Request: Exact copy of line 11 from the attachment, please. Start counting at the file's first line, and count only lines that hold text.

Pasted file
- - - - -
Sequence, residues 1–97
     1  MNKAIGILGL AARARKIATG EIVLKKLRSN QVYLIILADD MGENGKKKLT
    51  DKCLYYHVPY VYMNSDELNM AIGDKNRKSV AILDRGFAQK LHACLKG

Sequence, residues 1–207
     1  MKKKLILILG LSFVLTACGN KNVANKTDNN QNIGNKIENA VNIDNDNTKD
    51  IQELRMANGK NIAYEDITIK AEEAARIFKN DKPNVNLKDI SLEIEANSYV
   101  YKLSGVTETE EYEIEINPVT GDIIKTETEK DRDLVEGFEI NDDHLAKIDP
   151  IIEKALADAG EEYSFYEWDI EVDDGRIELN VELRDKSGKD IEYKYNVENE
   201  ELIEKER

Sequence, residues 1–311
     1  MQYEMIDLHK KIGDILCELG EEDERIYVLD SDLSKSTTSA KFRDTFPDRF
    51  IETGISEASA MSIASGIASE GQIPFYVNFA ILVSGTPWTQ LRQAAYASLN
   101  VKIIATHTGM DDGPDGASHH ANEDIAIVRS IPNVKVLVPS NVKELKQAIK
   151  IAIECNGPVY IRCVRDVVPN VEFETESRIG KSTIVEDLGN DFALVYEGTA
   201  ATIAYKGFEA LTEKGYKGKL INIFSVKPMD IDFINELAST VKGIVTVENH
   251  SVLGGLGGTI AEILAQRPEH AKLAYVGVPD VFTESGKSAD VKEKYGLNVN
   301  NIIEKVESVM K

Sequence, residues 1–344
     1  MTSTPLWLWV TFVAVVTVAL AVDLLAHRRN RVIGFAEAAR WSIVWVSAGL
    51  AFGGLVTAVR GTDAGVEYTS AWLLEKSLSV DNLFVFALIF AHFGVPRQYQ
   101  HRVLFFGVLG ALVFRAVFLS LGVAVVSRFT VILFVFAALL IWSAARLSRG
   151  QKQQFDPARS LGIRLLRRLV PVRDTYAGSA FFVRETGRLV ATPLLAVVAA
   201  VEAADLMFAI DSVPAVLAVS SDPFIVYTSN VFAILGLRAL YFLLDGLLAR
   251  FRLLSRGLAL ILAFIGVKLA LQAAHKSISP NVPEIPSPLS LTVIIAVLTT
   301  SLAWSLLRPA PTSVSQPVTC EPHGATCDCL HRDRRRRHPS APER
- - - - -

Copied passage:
     1  MQYEMIDLHK KIGDILCELG EEDERIYVLD SDLSKSTTSA KFRDTFPDRF